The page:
The experiment of Example 2 consisted of taking swab samples from 10 healthy cattle in each of the following treatment groups: nasal carrier only, carrier+ALCARE®, and untreated control. Swab samples were taken at T0 (pre-treatment), T1 (post-treatment), and days 1, 3, and 5 post nasal-injection. The cattle in the treatment group received, with both nostrils injected, 0.6×109 cfu of ALCARE® concentrated spores suspended in a 0.25% w/v sodium CMC carrier per animal. The study protocol is summarized in Table 1.
TABLE-US-00001 TABLE 1 Schedule of Events Day 1 Swab then dose and swab post dose, with additional swabs on day 3 and day 5. Observe animals for 28 days for adverse reactions or negative health response Treatment Groups 1) Control; 2) Probiotic carrier only; and 3) Carrier and probiotic Experimental Design Random Randomization Procedures Random number generator to select animals in each treatment Blinding of Study Daily observations for health effects to be collected by person blind to treatment group assignment. Test Animals Age: Yearlings Sex: Steers Breed/Class: Mixed beef breeds Physiological State: Normal and healthy Number: 30 Identification Method: Individual ear tag Study Facilities Containment Equipment: Single pen per treatment group Feeding Equipment: 2 times a day adlib via feed bunk Watering Equipment: Constant flow Space Allocation Per Animal: 300 sq feet Acclimation of Test Animals Duration: 28 days Medication/Vaccination during Acclimation Period: None Baseline Data Collected Prior to Initiating Injections: Body weight, observations of health and suitability for the study Treatments Dosing: 2 mL dose (1.5 × 108 cfu/mL) per nostril Route of Administration: Nasal passage/nares Investigational withdrawal period: 0 days Cattle measurements Body weights Day 1 and Day 28 Nasal swabs (ventral nasal meatus) on Day 1 (pre and post dose), Day 3 and Day 5 Daily observation of general health and for adverse reactions to treatment with test article for total of 28 days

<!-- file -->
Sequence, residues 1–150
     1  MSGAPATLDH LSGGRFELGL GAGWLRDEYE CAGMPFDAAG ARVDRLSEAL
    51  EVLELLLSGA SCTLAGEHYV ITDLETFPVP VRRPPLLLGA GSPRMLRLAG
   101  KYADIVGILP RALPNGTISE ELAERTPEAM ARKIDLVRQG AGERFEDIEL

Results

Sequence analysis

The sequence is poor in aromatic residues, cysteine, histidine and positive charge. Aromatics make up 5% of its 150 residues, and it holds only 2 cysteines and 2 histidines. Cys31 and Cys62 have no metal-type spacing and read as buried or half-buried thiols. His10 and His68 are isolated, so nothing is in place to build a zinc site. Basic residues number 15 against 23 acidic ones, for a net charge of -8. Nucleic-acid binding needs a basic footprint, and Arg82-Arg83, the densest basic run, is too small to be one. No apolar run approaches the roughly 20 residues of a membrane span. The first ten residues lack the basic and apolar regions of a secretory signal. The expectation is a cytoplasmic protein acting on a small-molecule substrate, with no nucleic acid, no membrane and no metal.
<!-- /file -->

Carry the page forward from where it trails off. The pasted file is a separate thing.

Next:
Swabs were processed according to the following procedure: 1 mL of sterile peptone saline (0.1 g of soy peptone, 0.85 g of NaCl per liter deionized water) added to each swab carrier, swabs were vortexed thoroughly to release the swab contents to the buffer. Initial platings were done on nutrient agar (Criterion, Hardy Diagnostics, California). Swabs were hydrated, then heat shocked (80° C., 10 minutes). This step was necessary due to the relatively high number of bacterial types present in initial tests, precluding detection of the probiotic spore types. Application of the heat step allowed only spore forming bacteria to survive and grow. The presence of the ALCARE® probiotics spores could therefore be detected and counted at relatively low levels amid a background of naturally occurring spore forming bacteria. Counting criterion were based on colony phenotype following growth on nutrient agar overnight at 38° C. (light beige, slightly rough edged, small to medium size, even color and uniformly round appearance). Counts run on swabs collected immediately following injection, required additional dilution (10-200 times) due to very high levels present. The plating volume was 50 μL. Counts were reported as direct counts. Absolute counts (i.e., in units ALCARE® spores/mL nasal fluid) were further calculated on Excel®, based on an overall 200× factor for dilution, swab volume and plating factors). Absolute counts may be relevant for estimating the numbers of pathogens and competitive exclusion strains that might be present in the bovine respiratory tract.
Total counts, and the percentage of ALCARE® spores/total counts in treated sets were averaged for each treatment and control group. Standard deviations were calculated for each set of 10 to estimate the variability for each group. All calculations were done on an Excel® XP spreadsheet.